A Pre-Print: I have just finalized an essay titled "Can the European Union still be saved?" It is written in German that means not accessable for English-only readers. In this essay I refer to Wolfgang Streeck's book (reviewed above!) and come to a completely different quintessence. The EU is a system combined of traditional and neoliberal elements, and of course, the neoliberal elements can be retrieved, however, at cost of a change in the EU treaties. I start the essay with an exposure of what means 'neoliberal', followed by the identification, which components of the EU are neoliberal, and what to do to save the Union. The essay can be downloaded here: https://www.researchgate.net/publication/359897543_IST_DIE_EUROPAISCHE_UNION_NOCH_ZU_RETTEN_Ein_Essay

DOI: 10.13140/RG.2.2.27384.32007

Just published: Keynes vs. Kalecki: Risk and uncertainty in their theories of the rate of interest

Review of Keynesian Economics (10), Issue 1, 46-62. Download info: https://mail.one.com/h.gabrisch@wile-institute.eu/INBOX/1/, US$ 35. - The article is a shortened and revised version of my 2021 wiiw working paper No. 192 . Download: https://www.wiiw.ac.at/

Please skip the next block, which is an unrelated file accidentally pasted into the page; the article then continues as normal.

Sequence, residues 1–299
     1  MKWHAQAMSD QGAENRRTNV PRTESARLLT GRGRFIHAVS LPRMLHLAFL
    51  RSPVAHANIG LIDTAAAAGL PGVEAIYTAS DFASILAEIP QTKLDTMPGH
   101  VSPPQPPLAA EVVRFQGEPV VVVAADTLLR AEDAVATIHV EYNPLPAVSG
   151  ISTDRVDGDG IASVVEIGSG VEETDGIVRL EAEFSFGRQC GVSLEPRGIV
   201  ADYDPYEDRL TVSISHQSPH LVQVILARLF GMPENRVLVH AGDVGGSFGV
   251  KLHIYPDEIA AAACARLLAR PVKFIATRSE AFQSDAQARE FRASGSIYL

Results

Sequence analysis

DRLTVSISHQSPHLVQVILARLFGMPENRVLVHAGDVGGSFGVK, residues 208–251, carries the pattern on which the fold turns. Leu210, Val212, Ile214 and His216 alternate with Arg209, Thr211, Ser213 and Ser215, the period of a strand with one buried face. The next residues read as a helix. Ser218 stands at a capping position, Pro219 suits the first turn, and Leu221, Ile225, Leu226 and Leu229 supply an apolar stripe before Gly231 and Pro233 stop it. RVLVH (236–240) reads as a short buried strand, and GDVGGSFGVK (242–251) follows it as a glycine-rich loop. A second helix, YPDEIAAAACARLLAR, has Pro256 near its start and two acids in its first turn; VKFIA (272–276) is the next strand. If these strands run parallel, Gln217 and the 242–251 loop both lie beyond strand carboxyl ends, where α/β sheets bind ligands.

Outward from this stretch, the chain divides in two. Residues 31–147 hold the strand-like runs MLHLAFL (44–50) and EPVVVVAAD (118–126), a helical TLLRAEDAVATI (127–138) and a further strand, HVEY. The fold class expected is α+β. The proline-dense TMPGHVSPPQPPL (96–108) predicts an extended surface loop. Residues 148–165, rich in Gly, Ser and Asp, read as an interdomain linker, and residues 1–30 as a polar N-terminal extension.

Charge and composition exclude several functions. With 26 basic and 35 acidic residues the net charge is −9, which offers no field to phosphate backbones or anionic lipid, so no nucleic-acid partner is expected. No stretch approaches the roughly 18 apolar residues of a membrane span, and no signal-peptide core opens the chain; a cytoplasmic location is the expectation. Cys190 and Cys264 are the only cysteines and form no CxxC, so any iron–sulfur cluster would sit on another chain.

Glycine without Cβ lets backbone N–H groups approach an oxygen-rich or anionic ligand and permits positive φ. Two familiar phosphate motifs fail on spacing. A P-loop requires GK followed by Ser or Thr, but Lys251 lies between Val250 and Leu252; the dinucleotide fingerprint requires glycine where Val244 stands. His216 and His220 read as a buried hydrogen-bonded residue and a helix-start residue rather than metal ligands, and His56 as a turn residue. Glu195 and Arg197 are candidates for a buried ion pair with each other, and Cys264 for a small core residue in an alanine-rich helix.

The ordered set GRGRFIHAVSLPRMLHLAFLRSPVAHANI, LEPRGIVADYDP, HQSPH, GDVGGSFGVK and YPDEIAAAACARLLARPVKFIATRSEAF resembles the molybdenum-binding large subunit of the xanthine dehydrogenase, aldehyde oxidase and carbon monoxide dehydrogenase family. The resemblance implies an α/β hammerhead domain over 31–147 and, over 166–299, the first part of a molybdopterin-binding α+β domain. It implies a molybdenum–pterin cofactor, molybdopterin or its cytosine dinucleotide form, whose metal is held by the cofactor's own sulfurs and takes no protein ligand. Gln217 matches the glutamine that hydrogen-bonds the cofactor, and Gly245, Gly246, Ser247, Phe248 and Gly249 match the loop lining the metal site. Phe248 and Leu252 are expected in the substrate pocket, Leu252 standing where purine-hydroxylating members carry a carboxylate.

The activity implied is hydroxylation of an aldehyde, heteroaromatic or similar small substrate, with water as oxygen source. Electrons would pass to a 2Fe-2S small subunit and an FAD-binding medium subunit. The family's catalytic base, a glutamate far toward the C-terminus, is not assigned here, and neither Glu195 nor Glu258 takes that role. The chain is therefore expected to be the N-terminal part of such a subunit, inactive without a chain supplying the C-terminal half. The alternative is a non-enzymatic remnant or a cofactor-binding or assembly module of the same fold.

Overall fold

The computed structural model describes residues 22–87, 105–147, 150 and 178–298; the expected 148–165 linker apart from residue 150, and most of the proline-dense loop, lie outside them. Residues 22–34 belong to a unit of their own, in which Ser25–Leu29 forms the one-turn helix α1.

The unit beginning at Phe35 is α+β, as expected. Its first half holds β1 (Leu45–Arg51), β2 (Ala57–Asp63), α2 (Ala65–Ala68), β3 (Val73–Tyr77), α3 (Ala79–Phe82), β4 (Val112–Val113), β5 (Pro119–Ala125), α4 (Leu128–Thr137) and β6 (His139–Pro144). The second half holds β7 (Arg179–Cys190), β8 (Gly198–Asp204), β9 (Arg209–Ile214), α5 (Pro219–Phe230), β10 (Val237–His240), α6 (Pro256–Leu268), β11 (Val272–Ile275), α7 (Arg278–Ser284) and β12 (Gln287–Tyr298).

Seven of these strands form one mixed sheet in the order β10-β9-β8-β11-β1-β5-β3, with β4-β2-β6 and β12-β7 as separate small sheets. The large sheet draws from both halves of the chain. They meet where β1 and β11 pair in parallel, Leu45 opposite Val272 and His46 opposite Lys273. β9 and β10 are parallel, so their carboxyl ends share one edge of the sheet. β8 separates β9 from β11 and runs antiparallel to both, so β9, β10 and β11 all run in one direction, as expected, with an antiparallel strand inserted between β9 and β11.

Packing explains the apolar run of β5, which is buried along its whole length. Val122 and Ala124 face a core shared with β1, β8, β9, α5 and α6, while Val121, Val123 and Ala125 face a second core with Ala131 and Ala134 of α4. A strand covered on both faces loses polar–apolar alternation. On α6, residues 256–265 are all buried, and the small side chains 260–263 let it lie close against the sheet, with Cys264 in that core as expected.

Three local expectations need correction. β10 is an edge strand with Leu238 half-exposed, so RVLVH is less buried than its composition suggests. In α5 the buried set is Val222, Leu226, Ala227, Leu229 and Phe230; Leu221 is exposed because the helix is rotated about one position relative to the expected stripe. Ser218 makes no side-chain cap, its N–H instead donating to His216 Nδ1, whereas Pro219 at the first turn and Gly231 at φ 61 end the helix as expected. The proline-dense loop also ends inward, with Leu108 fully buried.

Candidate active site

This study attempts to identify uncertainty in the long-term rate of interest based on the controversial interest rate theories of Keynes and Kalecki. While Keynes stated that the future of the rate of interest is uncertain because it is numerically incalculable, Kalecki was convinced that it could be predicted. The theories are empirically tested using GARCH-in-mean (MGARCH) models without and with restrictions assigned to six globally leading financial markets. The obtained results support rather Keynes’s case – the long-term rate of interest is a nonergodic financial phenomenon. Analyses of the relation between the interest rate and macroeconomic variables without interest uncertainty are thus seriously incomplete.